Ohio Gov. Ted Strickland and challenger John Kasich greet one another before the start of the debate at COSI in Columbus.
CHRIS RUSSELL / COLUMBUS DISPATCH
Democratic Gov. Ted Strickland, seeking a second term, and his Republican challenger, John Kasich, found little agreement over who is responsible for the state's fiscal woes, taxes, government spending, trade, and education Tuesday as voters had their first chance to see them together in a televised debate.
COLUMBUS - The two candidates for Ohio governor took verbal swings at one another one moment and shook hands at another Tuesday night as voters had their first chance to see them together in a televised debate.
Replay Tuesday night's debate courtesy of WBNS TV 10, Columbus (Editor's note: Slight delay at beginning of video)
Democratic Gov. Ted Strickland, seeking a second term, and his Republican challenger, John Kasich, found little to agree on in their debate over who is responsible for the state's fiscal woes, taxes, government spending, trade, and education. But they largely agreed on issues such as the death penalty and dealing with the state's unemployment compensation fund debt.
"We can't keep doing what we're doing,'' Mr. Kasich said, reminding the audience of nearly 400,000 jobs lost since Mr. Strickland took office.
"It's not a matter of being a cheerleader,'' he said.
"One must face the facts. … Stop blaming everybody else. When you get hired as a CEO, you have a job to do. … We should have reduced spending, serving the customer, making government more efficient and effective. We should have been training workers better.''
But Mr. Strickland fired back, "I'm not blaming everybody. … I'm blaming you and your buddies on Wall Street who acted irresponsibly, caused the collapse of Lehman Brothers, and sent our economy off the cliff. That's who I'm blaming.''
Both candidates avoided major mistakes, sticking primarily to condensed versions of their campaign stump speeches. No one seemed to land a knockout blow.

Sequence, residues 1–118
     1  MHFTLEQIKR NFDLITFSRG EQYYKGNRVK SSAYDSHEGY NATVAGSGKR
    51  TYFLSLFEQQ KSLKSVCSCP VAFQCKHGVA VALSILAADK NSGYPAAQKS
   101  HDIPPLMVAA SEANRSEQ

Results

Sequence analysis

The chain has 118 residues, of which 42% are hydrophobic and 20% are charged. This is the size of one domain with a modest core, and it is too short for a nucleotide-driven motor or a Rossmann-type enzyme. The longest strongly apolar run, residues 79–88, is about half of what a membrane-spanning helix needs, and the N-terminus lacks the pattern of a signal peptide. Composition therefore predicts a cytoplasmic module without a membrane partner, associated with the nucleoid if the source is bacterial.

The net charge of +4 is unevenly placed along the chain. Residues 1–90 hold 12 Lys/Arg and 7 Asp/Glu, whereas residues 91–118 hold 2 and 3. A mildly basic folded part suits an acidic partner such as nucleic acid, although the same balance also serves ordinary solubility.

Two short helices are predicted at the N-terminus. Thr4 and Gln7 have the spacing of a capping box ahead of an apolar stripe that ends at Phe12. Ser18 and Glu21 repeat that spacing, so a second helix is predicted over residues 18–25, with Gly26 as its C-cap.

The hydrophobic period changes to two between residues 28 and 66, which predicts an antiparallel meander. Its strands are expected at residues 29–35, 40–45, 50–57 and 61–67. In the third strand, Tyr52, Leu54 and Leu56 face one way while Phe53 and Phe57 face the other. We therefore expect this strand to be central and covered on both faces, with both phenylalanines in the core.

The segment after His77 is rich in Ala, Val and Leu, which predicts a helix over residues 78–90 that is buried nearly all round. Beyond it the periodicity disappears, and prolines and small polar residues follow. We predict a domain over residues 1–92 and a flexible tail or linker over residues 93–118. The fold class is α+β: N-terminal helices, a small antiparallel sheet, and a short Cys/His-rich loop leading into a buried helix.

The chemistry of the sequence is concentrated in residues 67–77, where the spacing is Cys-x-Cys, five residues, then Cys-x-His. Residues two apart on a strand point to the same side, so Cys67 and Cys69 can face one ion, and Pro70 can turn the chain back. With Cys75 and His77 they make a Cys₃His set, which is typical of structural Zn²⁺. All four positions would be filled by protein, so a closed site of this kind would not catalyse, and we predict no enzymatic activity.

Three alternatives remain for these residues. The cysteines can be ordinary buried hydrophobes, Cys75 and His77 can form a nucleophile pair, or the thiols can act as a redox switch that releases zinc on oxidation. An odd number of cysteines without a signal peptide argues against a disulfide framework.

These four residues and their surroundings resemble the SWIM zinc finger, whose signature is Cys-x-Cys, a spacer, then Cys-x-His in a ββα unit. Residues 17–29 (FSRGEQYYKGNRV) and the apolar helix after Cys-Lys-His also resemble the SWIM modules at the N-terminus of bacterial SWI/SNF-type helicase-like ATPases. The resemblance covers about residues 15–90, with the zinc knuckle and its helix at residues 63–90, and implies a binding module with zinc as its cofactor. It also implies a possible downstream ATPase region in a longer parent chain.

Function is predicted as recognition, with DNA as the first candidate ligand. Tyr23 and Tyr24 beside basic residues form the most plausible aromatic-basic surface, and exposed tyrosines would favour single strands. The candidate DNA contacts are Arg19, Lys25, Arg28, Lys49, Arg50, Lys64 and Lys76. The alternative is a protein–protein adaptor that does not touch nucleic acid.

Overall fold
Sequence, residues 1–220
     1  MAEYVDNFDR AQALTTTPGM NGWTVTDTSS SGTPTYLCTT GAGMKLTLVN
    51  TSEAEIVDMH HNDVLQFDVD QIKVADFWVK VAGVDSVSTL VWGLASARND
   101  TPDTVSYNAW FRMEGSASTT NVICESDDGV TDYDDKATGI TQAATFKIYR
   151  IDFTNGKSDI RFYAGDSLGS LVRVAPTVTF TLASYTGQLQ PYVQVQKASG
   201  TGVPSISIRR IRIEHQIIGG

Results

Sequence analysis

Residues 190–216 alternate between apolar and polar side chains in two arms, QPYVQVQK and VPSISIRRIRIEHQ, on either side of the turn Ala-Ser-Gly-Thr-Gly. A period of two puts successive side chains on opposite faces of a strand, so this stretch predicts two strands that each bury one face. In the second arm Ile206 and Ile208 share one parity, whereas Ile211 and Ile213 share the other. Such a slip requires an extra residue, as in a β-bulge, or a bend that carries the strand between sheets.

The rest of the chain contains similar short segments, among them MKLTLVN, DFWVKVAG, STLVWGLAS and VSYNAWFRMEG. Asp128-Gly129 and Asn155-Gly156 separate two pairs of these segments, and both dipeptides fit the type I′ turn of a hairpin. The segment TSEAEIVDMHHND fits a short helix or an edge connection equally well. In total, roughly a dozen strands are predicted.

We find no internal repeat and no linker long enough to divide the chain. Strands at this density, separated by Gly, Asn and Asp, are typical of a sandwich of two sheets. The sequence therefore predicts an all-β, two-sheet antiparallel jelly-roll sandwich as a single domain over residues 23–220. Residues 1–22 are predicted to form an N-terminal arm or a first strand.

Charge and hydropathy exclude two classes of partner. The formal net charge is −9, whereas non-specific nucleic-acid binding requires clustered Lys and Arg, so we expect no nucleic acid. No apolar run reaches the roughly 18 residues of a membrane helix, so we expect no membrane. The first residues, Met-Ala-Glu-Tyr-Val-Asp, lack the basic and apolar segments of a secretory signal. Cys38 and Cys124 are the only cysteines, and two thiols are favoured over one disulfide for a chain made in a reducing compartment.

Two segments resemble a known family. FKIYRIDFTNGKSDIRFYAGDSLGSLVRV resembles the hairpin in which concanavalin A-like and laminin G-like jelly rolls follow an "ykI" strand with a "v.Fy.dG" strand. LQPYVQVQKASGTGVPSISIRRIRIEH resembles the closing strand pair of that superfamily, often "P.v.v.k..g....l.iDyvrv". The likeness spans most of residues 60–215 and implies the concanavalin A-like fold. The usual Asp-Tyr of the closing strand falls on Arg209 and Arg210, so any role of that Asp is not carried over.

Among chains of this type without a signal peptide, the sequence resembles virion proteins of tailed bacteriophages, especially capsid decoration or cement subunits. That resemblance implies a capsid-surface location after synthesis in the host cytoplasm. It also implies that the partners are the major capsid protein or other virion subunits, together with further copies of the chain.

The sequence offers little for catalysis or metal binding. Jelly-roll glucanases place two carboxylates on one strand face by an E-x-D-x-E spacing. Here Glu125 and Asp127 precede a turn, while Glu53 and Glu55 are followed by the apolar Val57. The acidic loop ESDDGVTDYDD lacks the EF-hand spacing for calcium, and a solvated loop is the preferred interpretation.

The governor set out to demonstrate he has worked to lay the groundwork for a stronger Ohio when economic recovery comes. "We're on our way,'' he said more than once.
Mr. Kasich countered, "Six hundred fifty-one CEOs say that Ohio is the 44th best place to do business. If [Ohio State football coach] Jim Tressel were ranked 44th, he wouldn't have a job.''
It remains to be seen whether the two major party candidates got what they needed out of the debate in a studio in COSI Columbus. Mr. Kasich was reaching across to Ohioans who know little about him, hoping voters liked what they saw. Mr. Strickland sought to reverse the momentum in the race after a series of polls showed Mr. Kasich in the lead.
Neither candidate tipped his hand on the hot-button issue of how he would close what could be a projected shortfall of as much as $8 billion going into the next two-year budget beginning July 1, 2011.
Mr. Kasich stuck to his pledge that he would not raise taxes while Mr. Strickland argued taxes have gone down on his watch, albeit under a plan first set in motion by his Republican predecessor.
"The best predictor of future behavior is past behavior,'' Mr. Strickland said. "… We have not raised taxes. In fact, we've cut taxes. The income tax has been cut 17 percent since 2005, and most of that has come while I've been governor. … Times are tough. Revenue coming into the state has diminished. We've had to make tough choices.''
Mr. Kasich disagreed.
"The governor's raised taxes,'' he said. "He's raided and securitized tobacco [settlement funds] that was supposed to be a fund to provide a revenue stream for 50 years. They used it all up in four. They've exhausted the rainy-day fund, and we're billions of dollars in the hole. Why? Because we're killing jobs.''
The two candidates relied on different sets of data to make their cases, coming to different conclusions on such issues as Ohio's attractiveness to small business, state spending levels, and the effectiveness of Ohio's K-12 schools.
Mr. Strickland accused his opponent of relying on outdated data. The governor vigorously defended his decision to successfully pursue $400 million in federal funds to restore passenger rail service connecting northeastern, central and southwestern Ohio.
"A lot of states in America tried to get those resources,'' he said. "We were absolutely fortunate that Ohio was chosen. … The corridor between Cleveland, Columbus, over to Dayton, and down to Cincinnati is the most heavily populated corridor in America that is totally devoid of passenger rail service. … If we do not proceed with this, 10 to 20 years from now Ohio will be an island. We will be cut off. … This is also a jobs program. Four hundred million dollars is going to put a lot of people to work.''
But Mr. Kasich said that plan would be dead if he's elected.
"The idea that we're going to fix Ohio's economy with a 39-mph speed train is prima facie evidence that we are lost here in the thicket,'' Mr. Kasich said. "The $400 million, I suggest you ought to ask them to give our money back and we ought to use it to pave roads and build bridges.''
The second and last televised debate is set for 8 p.m. Oct. 7 at the University of Toledo's Driscoll Alumni Center.
Both debates are sponsored by the Ohio Newspaper Organization, consisting of The Blade, Columbus Dispatch, (Cleveland) Plain Dealer, (Youngstown) Vindicator, Akron Beacon Journal, Canton Repository, Cincinnati Enquirer, and Dayton Daily News.
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